This story originally appeared on Inside Climate News and is part of the Climate Desk collaboration.
The hottest summer on record for many Texas cities has brought millions of dollars in damage to municipal plumbing and the loss of huge volumes of water during a severe drought.
Authorities across the state are struggling to keep up with widespread leakage even as they plead for water conservation and have restricted outdoor water use. The impact on Texas’ water systems highlights both the vulnerability of basic infrastructure to a warming climate and the high costs of adaptation.
“The intense heat and drop in annual rainfall have dried up the soil, causing a shift in water lines,” said Erin Jones, a spokesperson for the city of Houston, which logged its hottest summer on record this year. “When the pipes shift, the pipe joints can break, causing water leaks.”
She said the municipal government in Houston was taking 500 calls per week for water leaks, up from 300 around this time in 2022, when drought conditions were less severe. The city, which budgets almost $20 million annually for water line repairs, has authorized an additional $33 million in spending this year to bring in contractors to help municipal workers with repairs, Jones said.
In addition to the dry, shifting soil, the leaks result from the brittleness of aging pipes and a high demand on the city’s water infrastructure despite the conservation appeals and edicts. “The demand on the system continues to increase due to customers’ using more water and increased water leaks,” Jones said.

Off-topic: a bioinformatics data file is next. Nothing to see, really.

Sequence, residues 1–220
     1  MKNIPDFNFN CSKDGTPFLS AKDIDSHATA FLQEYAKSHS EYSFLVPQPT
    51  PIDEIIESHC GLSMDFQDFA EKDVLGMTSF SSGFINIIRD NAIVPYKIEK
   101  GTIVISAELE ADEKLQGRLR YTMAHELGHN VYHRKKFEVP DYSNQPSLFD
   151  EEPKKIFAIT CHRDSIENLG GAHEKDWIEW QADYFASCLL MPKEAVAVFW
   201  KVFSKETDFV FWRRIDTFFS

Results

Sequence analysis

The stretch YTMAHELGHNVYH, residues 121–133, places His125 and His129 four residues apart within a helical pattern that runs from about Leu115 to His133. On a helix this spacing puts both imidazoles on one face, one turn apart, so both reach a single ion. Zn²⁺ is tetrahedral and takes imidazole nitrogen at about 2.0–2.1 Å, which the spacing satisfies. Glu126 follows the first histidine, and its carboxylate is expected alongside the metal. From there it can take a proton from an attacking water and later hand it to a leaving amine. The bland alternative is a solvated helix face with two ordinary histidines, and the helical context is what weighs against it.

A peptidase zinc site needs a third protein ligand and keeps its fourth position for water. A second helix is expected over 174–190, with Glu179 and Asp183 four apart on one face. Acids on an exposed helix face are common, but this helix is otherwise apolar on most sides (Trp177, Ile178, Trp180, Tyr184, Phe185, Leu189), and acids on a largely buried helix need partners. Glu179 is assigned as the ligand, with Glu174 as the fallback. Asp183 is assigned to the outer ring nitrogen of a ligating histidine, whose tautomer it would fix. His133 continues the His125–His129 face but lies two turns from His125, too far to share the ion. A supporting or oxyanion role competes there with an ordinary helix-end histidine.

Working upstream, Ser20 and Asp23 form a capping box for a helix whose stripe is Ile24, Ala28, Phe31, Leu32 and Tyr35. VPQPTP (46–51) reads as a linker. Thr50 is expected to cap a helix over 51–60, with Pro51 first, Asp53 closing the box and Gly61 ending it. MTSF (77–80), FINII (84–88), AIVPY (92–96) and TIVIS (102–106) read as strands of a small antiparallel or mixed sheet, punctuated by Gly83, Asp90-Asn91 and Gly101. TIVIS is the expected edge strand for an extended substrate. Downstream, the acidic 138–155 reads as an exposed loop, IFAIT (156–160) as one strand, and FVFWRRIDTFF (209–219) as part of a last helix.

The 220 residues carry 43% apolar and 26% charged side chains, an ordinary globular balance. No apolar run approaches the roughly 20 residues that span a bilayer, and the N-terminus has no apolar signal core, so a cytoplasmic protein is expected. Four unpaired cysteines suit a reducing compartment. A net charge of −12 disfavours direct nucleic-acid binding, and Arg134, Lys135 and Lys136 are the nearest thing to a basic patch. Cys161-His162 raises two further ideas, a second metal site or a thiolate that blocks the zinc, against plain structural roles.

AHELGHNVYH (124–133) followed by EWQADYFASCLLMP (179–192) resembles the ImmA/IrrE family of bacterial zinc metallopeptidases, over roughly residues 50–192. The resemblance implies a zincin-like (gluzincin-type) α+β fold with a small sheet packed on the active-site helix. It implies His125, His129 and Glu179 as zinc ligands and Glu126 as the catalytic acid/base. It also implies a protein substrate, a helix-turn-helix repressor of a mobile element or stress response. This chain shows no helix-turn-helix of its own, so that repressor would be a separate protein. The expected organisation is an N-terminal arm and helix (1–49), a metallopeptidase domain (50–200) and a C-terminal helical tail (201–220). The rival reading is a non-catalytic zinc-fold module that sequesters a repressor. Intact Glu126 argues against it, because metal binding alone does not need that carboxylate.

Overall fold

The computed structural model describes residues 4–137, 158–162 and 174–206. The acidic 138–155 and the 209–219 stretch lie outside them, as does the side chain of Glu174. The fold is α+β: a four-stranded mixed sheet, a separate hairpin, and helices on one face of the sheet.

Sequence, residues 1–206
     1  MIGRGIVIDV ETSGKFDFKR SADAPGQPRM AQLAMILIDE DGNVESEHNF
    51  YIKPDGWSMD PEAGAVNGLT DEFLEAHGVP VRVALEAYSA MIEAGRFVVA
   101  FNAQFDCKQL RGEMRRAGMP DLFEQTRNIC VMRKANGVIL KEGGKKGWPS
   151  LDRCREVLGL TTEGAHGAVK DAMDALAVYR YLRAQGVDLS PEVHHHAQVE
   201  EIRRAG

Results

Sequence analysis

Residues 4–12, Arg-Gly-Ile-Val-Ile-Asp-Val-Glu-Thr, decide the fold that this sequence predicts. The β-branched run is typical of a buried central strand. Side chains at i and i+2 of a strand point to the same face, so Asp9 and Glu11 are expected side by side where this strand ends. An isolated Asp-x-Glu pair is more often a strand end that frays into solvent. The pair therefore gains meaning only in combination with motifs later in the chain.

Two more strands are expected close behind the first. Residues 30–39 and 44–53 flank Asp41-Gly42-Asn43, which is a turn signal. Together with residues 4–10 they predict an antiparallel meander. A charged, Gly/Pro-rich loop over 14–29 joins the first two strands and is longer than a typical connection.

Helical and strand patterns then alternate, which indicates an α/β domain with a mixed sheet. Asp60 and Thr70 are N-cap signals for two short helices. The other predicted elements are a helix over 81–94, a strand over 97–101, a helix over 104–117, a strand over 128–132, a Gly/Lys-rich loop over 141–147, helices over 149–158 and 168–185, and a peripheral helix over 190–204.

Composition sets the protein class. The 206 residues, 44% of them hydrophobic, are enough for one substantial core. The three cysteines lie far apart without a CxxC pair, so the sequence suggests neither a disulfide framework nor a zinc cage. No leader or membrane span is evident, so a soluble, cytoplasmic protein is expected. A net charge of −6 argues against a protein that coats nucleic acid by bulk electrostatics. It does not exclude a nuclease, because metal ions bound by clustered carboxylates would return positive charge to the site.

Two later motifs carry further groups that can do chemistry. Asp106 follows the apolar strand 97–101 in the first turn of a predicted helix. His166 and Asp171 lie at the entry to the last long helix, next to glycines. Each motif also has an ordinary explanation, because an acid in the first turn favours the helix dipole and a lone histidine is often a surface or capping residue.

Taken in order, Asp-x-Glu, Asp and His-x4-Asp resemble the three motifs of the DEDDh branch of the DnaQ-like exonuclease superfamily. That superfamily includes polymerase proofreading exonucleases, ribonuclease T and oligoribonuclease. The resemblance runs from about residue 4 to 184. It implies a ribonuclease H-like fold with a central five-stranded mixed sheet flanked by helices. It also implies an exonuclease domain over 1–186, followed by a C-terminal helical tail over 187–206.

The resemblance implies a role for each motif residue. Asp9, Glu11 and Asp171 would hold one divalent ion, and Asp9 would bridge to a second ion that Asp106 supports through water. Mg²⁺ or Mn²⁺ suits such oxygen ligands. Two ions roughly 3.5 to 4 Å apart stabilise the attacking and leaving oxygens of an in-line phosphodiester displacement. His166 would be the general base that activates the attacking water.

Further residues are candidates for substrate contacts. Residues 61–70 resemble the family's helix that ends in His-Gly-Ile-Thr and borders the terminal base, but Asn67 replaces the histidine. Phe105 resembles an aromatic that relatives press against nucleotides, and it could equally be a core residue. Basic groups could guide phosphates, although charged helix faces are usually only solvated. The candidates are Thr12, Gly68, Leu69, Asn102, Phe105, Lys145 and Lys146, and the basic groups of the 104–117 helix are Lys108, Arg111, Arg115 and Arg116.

Leaking pipes cost Texas billions of gallons of water and hundreds of millions of dollars annually. Texas water utilities reported 30.6 billion gallons lost to breaks and leaks in 2021, the most recent year for which data is available. The Texas Water Development Board, a state water authority, estimated an additional 101.6 billion gallons of unreported loss that year.
Those losses collectively accounted for 12 percent of total reported water use and cost the state an estimated $266 million (which considers the production cost of the water lost, not the repairs to busted pipes) in 2021. That year, Texas enjoyed below-average summer temperatures and a near-total absence of drought conditions. The figures for this year, which will not be published until 2024, are likely to show far higher loss rates and attendant costs.
This year, record-breaking temperatures hit Texas in late June and lingered through early September—part of a global heat wave that also set records from China to Morocco to Bolivia and made this summer the world’s hottest since at least 1940.
The US Drought Monitor currently shows more than half of Texas experiencing “severe drought,” and nearly one-third “extreme drought.” The groundwater in aquifers is declining, and some reservoirs are nearing alarmingly low levels.
For the state as a whole, this summer was the second-hottest on record, ranking behind 2011 and ahead of 2022, according to John Nielsen-Gammon, director of the Southern Regional Climate Center at Texas A&M University. (For meteorologists, summer runs from June through August.)
For several cities in addition to Houston, it was the hottest. Among them was San Antonio, where water main breaks averaged about 470 per month from January to June and then jumped to 725 in July and 1,076 in August as extreme heat bore down.